a) Determination of residue on ignition
Weigh 1 g to 2g of the material into a suitable crucible that has been previously ignited, cooled and weighed. Heat to 1000C to1050C for 1 hr. Then ignited to (550±250C). Allow it to cool in a desiccator and weigh. Repeat the ignition until constant mass is obtained. Calculate mass of residue on ignition per gram of the starting material.

b) Preparation of test fluid
The extraction may be performed on pieces of sheeting or raw container. Use pieces with a total surface area of 1500cm2 which include both sides of plastic sheet. Wash this material twice with100 ml water for injection and discard the water after use. Drain the pieces; cover them with 250 ml water for injection and extract for 30 min in pressurized, saturated steam at (121±2)0C.As a comparison fluid treat water for injection in the same manner.

c) Tests
I) Determination of oxidizable constituents
Boil for 3 min 20 ml of the test fluid with 20 ml potassium permanganate solution[c (KMn04 ) = 002mol/1] and 1 ml sulphuric acid [c (H2SO4) =1mol/1]. Add 1 g of potassium iodide and titrate the solution with sodium thiosulphate solution [c (Na2S2O3) =.01 mol/1] until light –brown. Then add 5 drops of starch solution and titrate until colorless.
Calculate the consumption of potassium permanganate solution [ c(KMnO4 ) =.001 MOL/1] For the test fluid and water serving as comparison fluid. The difference between the two values shall not be greater than 1.5ml.
II) Determination of Ammonia
Make alkaline 10 ml of the test fluid by the addition of 2ml of caustic soda [c (NaOH) =1mol/1] dilute with distilled water to 15 ml and then .3 ml Nessler’s reagent.
Prepare the solution simultaneously by making alkaline .8ml of ammonia standard solution [c (NH4)=1mg/l] by the addition of 2ml of caustic soda [c(NaOH)=1mol/l], diluting with distilled water to 15ml and then adding .3ml Nessler’s reagent. After 30 s examine the solution, which shall not be strongly yellow colored than the comparison solution.
III) Determination of acidity or alkalinity
After the addition of 2 drops of phenolphthalein solution 10ml of the test fluid shall not be colored red. However, on the addition of less than .4ml caustic soda [c(NaOH)=.01mol/l],red coloration shall be occur. After the addition of .8ml Hydrochloric acid [c(HCL)=.01mol/l],this coloration shall disappear again. Mon the addition of 5drops methyl red solution, the solution shall have an orange red coloration.
IV) Determination of evaporation residue
Evaporate 100ml of the test fluid on a water bath and dry at 1050C to constant mass.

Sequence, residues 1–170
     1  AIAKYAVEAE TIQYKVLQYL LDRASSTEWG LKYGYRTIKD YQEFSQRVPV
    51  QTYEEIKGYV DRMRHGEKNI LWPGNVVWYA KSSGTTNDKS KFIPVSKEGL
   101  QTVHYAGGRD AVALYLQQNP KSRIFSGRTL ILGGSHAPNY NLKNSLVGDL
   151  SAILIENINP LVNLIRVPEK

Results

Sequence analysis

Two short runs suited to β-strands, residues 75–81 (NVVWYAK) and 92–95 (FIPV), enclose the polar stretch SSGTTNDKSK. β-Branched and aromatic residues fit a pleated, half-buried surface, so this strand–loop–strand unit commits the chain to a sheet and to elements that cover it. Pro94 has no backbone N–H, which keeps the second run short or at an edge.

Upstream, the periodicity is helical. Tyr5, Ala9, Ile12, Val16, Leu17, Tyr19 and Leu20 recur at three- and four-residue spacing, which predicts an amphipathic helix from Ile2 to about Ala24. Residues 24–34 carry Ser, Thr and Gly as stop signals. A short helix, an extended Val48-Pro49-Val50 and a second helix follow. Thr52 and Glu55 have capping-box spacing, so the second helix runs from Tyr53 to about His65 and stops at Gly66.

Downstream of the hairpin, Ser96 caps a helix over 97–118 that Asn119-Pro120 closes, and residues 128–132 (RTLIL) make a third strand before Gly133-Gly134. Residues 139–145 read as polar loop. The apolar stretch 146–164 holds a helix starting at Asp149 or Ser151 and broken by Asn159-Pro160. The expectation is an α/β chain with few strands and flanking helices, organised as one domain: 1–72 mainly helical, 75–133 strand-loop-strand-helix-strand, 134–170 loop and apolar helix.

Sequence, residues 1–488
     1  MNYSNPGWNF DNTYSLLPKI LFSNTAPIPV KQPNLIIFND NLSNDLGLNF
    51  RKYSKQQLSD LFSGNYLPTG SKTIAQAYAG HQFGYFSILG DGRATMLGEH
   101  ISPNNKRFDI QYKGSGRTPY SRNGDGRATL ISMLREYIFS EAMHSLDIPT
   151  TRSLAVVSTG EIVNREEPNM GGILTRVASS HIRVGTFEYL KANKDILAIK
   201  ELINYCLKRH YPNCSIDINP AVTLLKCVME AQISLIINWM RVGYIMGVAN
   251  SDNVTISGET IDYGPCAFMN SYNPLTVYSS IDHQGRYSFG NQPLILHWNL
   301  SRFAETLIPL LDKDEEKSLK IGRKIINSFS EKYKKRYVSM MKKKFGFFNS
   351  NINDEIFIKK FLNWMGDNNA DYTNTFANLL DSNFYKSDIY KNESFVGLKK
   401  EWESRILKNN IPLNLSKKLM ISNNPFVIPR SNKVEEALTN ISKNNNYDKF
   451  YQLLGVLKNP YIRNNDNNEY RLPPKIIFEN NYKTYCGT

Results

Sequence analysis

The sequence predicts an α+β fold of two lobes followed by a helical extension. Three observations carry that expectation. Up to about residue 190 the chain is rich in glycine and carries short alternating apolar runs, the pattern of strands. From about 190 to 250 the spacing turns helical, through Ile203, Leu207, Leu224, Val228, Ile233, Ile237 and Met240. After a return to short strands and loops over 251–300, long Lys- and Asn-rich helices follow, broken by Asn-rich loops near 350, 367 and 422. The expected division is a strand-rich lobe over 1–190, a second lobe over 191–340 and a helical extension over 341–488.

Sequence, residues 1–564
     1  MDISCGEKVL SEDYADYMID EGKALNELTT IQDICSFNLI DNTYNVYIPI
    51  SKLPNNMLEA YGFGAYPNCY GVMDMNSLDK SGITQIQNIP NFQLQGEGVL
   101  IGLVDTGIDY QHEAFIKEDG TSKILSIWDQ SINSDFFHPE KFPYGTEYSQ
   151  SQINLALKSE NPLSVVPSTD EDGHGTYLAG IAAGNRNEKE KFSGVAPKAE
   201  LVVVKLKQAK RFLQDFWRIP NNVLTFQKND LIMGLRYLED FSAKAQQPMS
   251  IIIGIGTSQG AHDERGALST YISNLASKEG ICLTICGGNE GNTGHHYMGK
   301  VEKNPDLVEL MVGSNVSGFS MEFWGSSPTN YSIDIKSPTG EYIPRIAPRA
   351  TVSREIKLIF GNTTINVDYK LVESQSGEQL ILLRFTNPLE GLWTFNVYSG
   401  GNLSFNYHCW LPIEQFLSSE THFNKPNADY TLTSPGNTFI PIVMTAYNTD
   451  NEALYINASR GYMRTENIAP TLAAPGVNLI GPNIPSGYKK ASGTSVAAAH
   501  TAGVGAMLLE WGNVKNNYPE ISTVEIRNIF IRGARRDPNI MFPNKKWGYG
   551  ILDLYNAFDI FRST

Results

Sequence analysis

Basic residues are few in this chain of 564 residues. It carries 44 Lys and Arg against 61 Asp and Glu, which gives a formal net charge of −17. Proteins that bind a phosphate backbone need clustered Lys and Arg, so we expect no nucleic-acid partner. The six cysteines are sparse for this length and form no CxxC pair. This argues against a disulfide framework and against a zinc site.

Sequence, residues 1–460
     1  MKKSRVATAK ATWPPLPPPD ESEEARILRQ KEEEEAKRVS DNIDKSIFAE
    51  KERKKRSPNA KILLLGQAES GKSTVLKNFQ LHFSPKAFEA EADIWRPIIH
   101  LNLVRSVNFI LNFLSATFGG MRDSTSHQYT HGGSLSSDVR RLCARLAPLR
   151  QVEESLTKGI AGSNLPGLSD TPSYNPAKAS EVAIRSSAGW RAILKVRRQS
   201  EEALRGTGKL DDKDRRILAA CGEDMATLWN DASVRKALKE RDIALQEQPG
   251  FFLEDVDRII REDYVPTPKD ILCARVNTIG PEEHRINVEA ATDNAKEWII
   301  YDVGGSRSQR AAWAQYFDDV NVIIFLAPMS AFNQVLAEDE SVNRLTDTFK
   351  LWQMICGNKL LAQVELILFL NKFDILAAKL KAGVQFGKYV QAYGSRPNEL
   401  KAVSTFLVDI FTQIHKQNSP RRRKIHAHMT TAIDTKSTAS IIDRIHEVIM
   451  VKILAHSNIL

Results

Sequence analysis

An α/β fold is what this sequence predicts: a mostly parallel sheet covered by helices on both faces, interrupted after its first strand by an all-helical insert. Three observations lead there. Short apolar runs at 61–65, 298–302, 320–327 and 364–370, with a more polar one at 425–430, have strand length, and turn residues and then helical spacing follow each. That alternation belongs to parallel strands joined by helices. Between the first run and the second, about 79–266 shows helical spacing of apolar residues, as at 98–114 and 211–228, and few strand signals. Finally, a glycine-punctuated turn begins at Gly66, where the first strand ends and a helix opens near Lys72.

V) Determination of turbidity and degree of opalescence
Using identical test tubes of colorless, transparent, neutral glass with a flat base and an internal diameter of 15mm to 25mm, compare the liquid to be examined with a reference suspension freshly prepared as described below, the depth of the layer being 40mm. Compare the solution in diffused daylight 5min after preparation of the reference suspension, viewing them vertically against a black background. The diffusion of light shall be such that reference suspension 1 can readily be distinguished from reference suspension 1.
Reagents
i) Hydrazine sulphate solution:- Dissolve 1g of Hydrazine sulphate in water and dilute to 100ml. Allow to stand for 4h to 6h.
ii) Hexamethylenetetramine:- Dissolve 2.5g of hexamethylenetetramine in 25 ml of water in a 100ml glass-flask.
iii) Primary opalescent suspension: - Add to the solution of hexamethylenetetramine, 25 ml of hydrazine sulphate solution mix and allow standing for 24h.
This suspension is stable for 2 months, provided that it in a glass container free surface defects. The suspension shall not adhere to the glass and shall be well mixed before use.
iv) Standared of opalescence:- Dilute 15 ml of the primary opalescent suspension to 1000ml of water. This suspension shall be freshly prepared and may be stored for almost 24h.
v) Reference suspension:- Prepare reference suspension in accordance with table. Mix and shake before use
Reference suspension 1 2 3 4
Standard of opalescence, volume 5 10 30 50
Water, volume 95 90 70 50
Table 3.4: Reference suspension
Expression of results
• A liquid is deemed to be clear, if it clarity is same as that of water or of the solvent use when examined under the condition described below, or if its opalescence is not more pronounced than the of reference suspension
•A liquid is deemed to be slightly opalescent if its opalescent is more pronounced than as described in 2, but not more pronounced than that of reference suspension 2
•A liquid is deemed to be opalescent if its opalescent is more pronounced than as described in 2, but not more pronounced that of reference suspension 3,
•A liquid is highly opalescent if its opalescence is more pronounced than as described in 3, but not more pronounced than that of reference suspension 4.
VI) Determination of UV absorbance
Determine the UV absorbance of the extract in a cell against the blank. The absorbance is determined in the range from 230nm to 360nm.
VII) Leaching studies
Migration of Plasticizers from different compositions of DINCH plasticized PVC was carried out using ethanol.
Reagents
Ethanol, volume traction in the range from 95.1% to 96.6%, density ρ in the range from .805g/ml to .8123g/ml.